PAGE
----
There are those that blog and those that don’t. I would posit that there are many more non-bloggers out there than the dedicated and diligent keyboard artists. Writing is for many an undiscovered joy and a challenging chore, when they are forced to record their thoughts on screen in print. Many owners of websites outsource all the boring bits to poorly paid writers, who are, often, located in the third world. Communication via the written word is, somehow, seen as arcane and not worth the effort. Which means that we have a lot of bad writing and poorly constructed sentences adorning the pages of the world wide web. However, despite this, blogging is the new medium for the essay.
More Writers Putting Forth Their Views on Things
Hands up how many people read essays for the pure joy of it? Who among you take delight in a well-constructed argument being presented in the written format? The essay allows time to consider situations and theses being put forward by a writer. A contention or proposition is on the table and the reader may examine if from a variety of angles. Blogging has allowed many more writers to put forward their views on things. The realm of ideas and opinions has been opened up to a much larger participating audience. Blogging is the new medium for the essay in the 21C.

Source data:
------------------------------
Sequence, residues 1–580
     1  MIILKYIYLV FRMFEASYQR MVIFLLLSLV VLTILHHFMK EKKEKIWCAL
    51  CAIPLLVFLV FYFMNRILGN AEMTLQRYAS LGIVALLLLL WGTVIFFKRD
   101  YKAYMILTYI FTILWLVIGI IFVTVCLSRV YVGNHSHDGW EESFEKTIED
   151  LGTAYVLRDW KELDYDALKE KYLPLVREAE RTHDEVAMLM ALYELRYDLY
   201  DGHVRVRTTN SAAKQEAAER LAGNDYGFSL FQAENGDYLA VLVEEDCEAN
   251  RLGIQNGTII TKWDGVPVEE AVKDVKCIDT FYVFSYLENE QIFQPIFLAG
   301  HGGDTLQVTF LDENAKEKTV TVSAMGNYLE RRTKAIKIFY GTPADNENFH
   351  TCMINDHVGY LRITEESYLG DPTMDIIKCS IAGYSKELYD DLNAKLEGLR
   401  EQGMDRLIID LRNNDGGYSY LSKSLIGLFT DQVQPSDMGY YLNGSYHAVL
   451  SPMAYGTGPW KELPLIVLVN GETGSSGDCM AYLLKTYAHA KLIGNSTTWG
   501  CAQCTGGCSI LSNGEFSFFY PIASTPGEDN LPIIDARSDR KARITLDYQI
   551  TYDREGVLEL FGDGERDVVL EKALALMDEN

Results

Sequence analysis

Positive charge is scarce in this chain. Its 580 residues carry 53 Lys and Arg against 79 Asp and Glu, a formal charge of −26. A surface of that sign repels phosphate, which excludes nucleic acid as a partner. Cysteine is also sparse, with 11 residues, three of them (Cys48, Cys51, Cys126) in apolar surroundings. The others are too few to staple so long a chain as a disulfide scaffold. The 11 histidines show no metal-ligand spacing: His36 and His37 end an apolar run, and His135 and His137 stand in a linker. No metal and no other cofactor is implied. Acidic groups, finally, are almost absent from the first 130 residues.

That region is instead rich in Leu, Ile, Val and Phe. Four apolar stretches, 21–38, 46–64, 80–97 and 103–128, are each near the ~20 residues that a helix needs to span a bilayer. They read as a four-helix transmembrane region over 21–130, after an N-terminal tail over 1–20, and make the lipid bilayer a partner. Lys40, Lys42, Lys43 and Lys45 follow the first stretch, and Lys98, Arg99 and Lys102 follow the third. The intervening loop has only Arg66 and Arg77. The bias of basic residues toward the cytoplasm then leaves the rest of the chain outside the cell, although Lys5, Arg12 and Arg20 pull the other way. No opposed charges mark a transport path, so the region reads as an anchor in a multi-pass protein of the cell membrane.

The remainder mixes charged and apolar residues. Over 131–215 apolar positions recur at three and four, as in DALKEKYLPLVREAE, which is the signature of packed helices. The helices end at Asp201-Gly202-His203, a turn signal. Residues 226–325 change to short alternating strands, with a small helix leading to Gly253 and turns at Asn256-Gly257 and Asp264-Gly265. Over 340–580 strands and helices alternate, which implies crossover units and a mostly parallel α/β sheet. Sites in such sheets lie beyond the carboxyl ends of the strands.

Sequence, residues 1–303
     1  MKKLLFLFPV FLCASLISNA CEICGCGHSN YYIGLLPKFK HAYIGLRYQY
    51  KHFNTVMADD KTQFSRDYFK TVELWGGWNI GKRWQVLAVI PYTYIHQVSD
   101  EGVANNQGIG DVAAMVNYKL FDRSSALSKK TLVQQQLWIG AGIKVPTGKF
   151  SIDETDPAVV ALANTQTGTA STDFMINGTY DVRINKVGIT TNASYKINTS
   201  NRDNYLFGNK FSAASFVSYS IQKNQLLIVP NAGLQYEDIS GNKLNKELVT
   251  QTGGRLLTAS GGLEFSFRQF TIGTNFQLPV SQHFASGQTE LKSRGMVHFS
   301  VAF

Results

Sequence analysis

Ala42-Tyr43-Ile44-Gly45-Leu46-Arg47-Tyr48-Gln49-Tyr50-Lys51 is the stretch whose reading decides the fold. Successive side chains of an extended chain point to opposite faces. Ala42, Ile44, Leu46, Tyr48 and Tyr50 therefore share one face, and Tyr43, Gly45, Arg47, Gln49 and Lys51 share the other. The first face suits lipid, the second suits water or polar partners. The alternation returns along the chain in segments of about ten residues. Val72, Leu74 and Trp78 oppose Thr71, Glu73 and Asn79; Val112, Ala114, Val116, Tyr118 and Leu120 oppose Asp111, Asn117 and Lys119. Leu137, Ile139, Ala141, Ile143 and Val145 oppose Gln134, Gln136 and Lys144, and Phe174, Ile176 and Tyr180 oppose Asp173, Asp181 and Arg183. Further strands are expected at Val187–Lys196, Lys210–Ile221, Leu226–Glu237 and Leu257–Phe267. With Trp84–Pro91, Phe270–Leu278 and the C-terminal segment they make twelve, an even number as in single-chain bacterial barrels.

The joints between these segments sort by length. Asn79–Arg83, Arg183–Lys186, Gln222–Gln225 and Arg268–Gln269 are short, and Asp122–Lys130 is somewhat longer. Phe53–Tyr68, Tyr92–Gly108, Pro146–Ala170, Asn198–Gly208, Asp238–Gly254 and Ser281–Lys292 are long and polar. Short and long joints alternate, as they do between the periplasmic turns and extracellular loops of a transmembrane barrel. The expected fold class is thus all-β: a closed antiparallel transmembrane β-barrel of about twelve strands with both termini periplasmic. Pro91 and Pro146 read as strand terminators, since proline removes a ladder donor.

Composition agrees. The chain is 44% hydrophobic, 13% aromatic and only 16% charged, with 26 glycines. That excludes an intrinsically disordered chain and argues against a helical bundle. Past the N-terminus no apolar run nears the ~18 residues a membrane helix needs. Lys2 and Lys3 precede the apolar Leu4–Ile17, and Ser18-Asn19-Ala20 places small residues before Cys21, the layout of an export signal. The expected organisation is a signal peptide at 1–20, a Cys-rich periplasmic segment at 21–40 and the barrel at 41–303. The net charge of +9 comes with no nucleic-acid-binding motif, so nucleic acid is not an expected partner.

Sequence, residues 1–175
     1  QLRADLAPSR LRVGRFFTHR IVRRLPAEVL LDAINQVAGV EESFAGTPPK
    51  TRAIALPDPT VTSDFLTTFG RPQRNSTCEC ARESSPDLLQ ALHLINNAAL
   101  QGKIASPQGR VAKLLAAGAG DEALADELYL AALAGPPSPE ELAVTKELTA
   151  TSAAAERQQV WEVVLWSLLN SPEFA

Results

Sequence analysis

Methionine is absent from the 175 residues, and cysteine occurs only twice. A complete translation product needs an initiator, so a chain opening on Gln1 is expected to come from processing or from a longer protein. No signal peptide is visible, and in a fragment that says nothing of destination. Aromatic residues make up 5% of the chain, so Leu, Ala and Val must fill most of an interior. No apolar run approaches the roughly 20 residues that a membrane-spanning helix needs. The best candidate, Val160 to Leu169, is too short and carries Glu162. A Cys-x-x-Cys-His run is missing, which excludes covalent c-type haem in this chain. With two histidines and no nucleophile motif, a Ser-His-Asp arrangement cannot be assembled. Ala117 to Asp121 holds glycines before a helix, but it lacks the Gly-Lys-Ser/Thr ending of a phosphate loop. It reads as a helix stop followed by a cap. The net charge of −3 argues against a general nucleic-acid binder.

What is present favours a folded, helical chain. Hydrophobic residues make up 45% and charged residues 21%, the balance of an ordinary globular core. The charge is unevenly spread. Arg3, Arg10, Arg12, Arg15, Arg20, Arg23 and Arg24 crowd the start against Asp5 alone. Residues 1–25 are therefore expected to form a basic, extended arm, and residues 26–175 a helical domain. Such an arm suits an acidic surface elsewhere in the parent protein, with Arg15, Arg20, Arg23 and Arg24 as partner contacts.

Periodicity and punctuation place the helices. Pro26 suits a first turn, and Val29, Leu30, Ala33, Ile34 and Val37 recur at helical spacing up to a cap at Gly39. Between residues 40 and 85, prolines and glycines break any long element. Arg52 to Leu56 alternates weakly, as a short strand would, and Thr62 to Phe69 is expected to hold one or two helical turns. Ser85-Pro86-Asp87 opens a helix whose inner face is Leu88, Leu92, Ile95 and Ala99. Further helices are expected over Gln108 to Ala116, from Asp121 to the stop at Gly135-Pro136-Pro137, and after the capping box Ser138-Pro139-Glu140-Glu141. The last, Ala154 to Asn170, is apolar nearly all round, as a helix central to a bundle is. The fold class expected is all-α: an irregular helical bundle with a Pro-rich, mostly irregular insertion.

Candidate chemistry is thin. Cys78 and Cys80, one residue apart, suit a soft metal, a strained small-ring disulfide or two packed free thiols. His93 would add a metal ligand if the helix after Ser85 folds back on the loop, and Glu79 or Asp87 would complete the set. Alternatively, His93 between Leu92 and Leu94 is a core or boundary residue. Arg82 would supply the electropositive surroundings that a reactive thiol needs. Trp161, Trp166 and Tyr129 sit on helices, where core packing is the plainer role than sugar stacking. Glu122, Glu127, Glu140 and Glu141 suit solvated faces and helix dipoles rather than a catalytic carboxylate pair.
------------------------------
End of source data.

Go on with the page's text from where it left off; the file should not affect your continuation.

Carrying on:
Poring Over Countless Pages
Some have said that this brave new world invites reader to masticate on more diverse views, click here to check out dental blogging examples. By this they mean that there is a greater volume of ideas and opinions to explore via the essay writing, now, available online. Certainly, some considerable amount of this literature may be dross and detritus. There are fewer editors doing their thing in the blogging realm. Poring over countless pages and screens can be hard work but when you find an original idea well-presented in essay form it is like striking something precious.
I Learnt Much from Their Erudite Explorations
I do miss the talented writers who used to ply their trade in the great newspapers and journals of yesteryear. I learnt much from their erudite explorations. They were, however, a tiny elite subsection of our greater communities. Their views and influence could be bought by vested interests, like the newspaper magnates themselves. Intellectuals are rarely able to, truly, go it alone in life.